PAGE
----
Vol. 4 No. 7 (2024): July
Peer-Reviewed Article

National and International Policies on the Use of Biosimilars: An Environmental Scan

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Published July 4, 2024

Key Messages

  • Biosimilars are biologic drugs that are highly similar to their reference biologics that were already authorized for sale.
  • Interchangeability is a term used to describe when 1 drug can be exchanged for another and is expected to have the same clinical effect. Interchangeability may allow 1 medicine to be substituted for another at the time of dispensing (automatic substitution). However, the decision to allow automatic substitution is made by each jurisdiction according to its own regulations.
  • Interchangeability of a reference biologic (the originator product) and a biosimilar is a designation in the US and Finland. The US, France, Germany, Norway, and Australia allow automatic substitution between reference biologics and biosimilars, whereas other countries do not. Interchangeability is limited to select products in the US and Australia.
  • The countries included in this Environmental Scan (N = 13) endorse starting patients who have not yet received treatment on a biosimilar. Switching between reference biologics and biosimilars is generally allowed in all the countries included in this review; however, many jurisdictions prefer switching be clinician led with ongoing clinical monitoring of patients.
  • Practices such as target setting, quotas, and financial incentives, as well as guidelines and recommendations for prescription of biosimilars, can be effective ways to encourage biosimilar use. Mandatory switching is also implemented in 11 Canadian jurisdictions.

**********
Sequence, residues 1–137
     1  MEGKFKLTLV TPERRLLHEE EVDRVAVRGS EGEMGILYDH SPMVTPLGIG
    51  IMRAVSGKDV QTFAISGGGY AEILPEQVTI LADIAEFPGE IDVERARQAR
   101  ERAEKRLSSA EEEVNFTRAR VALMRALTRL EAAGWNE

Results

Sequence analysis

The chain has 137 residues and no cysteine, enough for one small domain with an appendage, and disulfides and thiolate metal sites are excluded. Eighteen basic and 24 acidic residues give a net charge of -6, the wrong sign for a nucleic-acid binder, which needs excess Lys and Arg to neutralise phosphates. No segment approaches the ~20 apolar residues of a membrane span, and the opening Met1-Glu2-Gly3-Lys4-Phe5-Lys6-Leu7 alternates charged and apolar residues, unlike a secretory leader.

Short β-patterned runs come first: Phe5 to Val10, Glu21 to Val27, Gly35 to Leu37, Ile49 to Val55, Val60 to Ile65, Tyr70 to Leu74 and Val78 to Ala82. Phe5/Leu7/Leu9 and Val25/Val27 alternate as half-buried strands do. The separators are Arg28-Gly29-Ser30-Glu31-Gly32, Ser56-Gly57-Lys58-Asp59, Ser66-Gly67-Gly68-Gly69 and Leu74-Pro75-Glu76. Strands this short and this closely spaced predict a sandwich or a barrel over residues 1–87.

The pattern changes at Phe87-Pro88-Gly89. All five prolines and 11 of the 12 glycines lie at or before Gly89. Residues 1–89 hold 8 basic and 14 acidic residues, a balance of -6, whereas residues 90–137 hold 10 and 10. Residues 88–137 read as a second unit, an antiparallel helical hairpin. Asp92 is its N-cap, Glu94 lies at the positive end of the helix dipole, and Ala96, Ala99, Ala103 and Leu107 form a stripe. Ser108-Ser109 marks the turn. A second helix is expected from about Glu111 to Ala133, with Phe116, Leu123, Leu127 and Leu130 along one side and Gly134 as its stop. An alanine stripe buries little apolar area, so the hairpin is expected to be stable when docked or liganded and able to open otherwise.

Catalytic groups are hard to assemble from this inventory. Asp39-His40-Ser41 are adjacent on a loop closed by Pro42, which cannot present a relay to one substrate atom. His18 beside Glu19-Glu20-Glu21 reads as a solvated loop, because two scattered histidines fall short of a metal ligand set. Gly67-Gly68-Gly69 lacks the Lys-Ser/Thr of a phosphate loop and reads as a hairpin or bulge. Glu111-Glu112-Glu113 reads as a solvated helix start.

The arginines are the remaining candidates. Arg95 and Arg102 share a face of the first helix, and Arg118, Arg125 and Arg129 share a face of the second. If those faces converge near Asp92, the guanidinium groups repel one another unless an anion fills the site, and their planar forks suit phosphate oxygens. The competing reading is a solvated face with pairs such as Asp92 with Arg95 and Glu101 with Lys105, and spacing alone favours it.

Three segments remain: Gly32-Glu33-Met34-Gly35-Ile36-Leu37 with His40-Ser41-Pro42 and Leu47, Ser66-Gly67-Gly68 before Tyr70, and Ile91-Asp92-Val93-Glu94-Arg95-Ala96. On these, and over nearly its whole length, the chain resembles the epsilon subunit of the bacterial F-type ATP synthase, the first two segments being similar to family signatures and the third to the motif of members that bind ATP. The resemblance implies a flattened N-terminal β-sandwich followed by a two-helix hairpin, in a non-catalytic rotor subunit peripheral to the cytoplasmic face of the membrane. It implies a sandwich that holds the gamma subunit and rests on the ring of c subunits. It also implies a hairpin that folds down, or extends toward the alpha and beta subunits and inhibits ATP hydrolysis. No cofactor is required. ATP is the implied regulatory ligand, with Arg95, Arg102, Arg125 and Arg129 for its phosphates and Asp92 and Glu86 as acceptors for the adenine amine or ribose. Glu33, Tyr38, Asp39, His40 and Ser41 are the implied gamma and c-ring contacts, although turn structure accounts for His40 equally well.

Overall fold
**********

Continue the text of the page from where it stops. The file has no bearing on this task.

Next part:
• Extrapolation is the regulatory and scientific process of granting a clinical indication to a medicine without clinical efficacy and safety data to support that indication. Extrapolation of indications for reference biologics to biosimilars is reasonable, provided several factors are comparable: mechanism of action across indications, pharmacokinetics and biodistribution, safety, immunogenicity, and other factors that affect the safety and efficacy for each indication and patient population.
  • Pricing and procurement practices vary internationally. Some countries implement policies controlling the list price of a biosimilar (and its reference drug less commonly) at the time of biosimilar launch. Pricing policies include a free-pricing policy (i.e., manufacturers are free to set the price of biosimilars) and mandatory price reductions. Tendering is the most common practice in procurement to achieve lower prices and to increase biosimilar uptakes in 8 countries reviewed in this Environmental Scan.
  • Biosimilar-related policies and markets are rapidly evolving, so recent changes might have not been fully captured in this Environmental Scan. Therefore, caution is required in interpreting the findings.